By Matt Flegenheimer
Barack Obama has a favorite saying on the campaign trail: “Don’t boo — vote.”And young protesters, galvanized by police brutality and a rash of political disappointments, seem to be sketching out a present-day response: Sure, maybe. But first, some well-directed fury.
As nationwide demonstrations continue to simmer, interviews with millennial and Generation Z protesters and activists across racial lines reflect a steady suspicion about the value and effectiveness of voting alone. Their disillusionment threatens to perpetuate a consistent generational gap in election turnout.
The frustrations of today’s younger Americans speak to the particular conditions of the era, with a preferred candidate in the past two Democratic presidential primaries, Sen. Bernie Sanders of Vermont, falling short twice and a sense that those in office have done little to stem a flood of crises. The deaths of black people at the hands of law enforcement. The relentless creep of climate change. Recurring economic uncertainty — this time amid a pandemic exacerbated by missteps across the federal government.
“In an ideal world, all of these issues would be solved by going out and voting,” Zoe Demkovitz, 27, who had supported Sanders’ presidential campaign, said as she marched against police violence in Philadelphia. “I tried that. I voted for the right people. And this,” she concluded, adding an expletive, “still happens.”
In a post on Medium, Obama disputed the notion that racial bias in criminal justice “proves that only protests and direct action can bring about change, and that voting and participation in electoral politics is a waste of time.”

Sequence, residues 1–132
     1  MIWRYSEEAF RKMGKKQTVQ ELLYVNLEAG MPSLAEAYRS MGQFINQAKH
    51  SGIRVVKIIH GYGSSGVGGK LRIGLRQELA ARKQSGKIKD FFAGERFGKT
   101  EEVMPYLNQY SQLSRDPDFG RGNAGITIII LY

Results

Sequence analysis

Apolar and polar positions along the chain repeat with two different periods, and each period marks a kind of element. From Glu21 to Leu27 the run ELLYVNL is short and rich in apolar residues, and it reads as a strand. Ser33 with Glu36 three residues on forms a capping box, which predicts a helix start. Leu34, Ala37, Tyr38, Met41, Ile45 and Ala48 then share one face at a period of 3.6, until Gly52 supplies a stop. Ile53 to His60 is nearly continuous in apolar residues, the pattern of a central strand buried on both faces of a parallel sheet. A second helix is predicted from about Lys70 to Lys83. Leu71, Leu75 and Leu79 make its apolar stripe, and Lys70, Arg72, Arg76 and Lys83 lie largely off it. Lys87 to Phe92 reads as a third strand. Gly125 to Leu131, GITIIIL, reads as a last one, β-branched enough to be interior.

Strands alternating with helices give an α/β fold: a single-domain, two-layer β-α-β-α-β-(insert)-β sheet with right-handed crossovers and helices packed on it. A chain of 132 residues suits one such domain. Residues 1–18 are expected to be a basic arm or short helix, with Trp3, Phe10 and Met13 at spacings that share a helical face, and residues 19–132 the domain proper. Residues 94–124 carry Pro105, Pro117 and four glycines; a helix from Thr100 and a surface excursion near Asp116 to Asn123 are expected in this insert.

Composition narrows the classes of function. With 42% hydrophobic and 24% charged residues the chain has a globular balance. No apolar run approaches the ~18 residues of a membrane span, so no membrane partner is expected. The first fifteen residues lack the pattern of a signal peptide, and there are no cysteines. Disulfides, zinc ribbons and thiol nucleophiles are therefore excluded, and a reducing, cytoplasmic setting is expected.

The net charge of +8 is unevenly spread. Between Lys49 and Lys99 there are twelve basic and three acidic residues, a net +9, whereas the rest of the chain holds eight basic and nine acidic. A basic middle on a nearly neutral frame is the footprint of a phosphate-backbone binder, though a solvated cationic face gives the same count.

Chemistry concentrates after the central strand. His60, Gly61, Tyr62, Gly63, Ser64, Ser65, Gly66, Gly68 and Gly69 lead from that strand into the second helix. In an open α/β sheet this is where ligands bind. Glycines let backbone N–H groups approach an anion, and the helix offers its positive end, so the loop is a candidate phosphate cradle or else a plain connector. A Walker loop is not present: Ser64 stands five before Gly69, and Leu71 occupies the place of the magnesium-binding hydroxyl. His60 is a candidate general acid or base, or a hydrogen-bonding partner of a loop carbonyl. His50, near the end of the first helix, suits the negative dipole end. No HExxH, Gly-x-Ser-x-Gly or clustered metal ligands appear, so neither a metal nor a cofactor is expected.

“Eventually, aspirations have to be translated into specific laws and institutional practices,” the former president wrote, italicizing liberally, “and in a democracy, that only happens when we elect government officials who are responsive to our demands.”
People of color have signaled a particular weariness with the implication that voting is a cure-all, especially given the scale of voter suppression efforts and other barriers to the ballot.
Whether younger Americans find a candidate to believe in is another matter. Jason Culler, 38, who attended a march in Philadelphia, predicted that the current election cycle would not produce leaders who adequately reflected the crowds filling the streets.
“Not this election, not the Democratic Party, not the Republican Party,” he said. “These people don’t represent us. That’s why we’re out here still fighting the same thing.”